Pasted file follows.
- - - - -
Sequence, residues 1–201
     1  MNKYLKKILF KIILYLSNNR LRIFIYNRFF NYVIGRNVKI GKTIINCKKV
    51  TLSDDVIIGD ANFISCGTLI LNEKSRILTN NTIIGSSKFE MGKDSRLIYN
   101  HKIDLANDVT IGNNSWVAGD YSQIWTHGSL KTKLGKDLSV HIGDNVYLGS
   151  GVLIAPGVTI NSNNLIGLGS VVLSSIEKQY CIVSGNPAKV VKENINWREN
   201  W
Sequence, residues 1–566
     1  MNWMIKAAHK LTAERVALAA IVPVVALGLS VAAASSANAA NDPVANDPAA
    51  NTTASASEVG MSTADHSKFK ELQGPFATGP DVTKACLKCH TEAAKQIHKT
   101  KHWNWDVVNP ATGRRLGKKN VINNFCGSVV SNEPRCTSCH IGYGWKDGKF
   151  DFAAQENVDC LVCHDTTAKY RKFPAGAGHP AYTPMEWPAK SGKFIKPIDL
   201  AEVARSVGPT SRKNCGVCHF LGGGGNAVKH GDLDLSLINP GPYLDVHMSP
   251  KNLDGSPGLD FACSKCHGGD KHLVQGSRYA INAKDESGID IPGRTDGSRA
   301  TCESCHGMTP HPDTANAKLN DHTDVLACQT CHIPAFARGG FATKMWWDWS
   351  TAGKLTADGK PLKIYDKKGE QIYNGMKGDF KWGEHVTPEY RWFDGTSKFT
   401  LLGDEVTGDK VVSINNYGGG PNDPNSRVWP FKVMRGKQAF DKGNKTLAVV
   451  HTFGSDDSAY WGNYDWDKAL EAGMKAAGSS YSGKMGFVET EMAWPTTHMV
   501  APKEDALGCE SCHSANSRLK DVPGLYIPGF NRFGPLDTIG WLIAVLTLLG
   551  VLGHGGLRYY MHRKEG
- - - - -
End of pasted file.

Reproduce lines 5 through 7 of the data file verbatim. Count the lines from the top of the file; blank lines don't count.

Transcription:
   151  GVLIAPGVTI NSNNLIGLGS VVLSSIEKQY CIVSGNPAKV VKENINWREN
   201  W
Sequence, residues 1–566